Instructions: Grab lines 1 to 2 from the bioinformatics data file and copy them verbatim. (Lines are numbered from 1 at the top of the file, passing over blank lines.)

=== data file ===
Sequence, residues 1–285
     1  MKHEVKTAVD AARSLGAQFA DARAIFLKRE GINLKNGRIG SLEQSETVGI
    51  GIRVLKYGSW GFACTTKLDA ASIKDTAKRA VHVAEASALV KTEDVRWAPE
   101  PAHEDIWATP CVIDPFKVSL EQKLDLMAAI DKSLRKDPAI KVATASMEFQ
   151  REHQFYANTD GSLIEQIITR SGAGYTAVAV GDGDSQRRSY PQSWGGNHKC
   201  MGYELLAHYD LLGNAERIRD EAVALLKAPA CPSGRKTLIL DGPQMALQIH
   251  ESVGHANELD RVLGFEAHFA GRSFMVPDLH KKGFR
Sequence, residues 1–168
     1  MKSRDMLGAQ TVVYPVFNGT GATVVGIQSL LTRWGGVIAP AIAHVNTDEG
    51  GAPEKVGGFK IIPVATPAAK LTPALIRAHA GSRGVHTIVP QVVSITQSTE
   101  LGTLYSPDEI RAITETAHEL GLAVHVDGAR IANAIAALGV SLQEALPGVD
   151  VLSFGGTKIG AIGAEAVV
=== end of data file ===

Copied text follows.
Sequence, residues 1–285
     1  MKHEVKTAVD AARSLGAQFA DARAIFLKRE GINLKNGRIG SLEQSETVGI